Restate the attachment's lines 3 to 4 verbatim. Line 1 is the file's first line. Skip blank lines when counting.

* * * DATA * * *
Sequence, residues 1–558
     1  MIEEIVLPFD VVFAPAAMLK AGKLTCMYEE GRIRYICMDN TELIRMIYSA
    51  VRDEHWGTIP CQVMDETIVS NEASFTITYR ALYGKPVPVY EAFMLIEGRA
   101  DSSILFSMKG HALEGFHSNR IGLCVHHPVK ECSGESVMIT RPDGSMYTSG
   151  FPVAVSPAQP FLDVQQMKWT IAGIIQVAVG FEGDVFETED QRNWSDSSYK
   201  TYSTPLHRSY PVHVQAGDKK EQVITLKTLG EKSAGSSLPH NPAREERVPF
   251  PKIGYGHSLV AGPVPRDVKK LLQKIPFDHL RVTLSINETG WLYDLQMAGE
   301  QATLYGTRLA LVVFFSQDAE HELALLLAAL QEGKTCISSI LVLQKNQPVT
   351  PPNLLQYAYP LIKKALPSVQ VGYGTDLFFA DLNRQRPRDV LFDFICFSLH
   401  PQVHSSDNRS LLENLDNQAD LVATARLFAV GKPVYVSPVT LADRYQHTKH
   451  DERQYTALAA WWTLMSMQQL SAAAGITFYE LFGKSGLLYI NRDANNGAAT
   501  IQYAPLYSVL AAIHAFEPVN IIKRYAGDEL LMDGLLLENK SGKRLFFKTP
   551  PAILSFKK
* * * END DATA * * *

    51  VRDEHWGTIP CQVMDETIVS NEASFTITYR ALYGKPVPVY EAFMLIEGRA
   101  DSSILFSMKG HALEGFHSNR IGLCVHHPVK ECSGESVMIT RPDGSMYTSG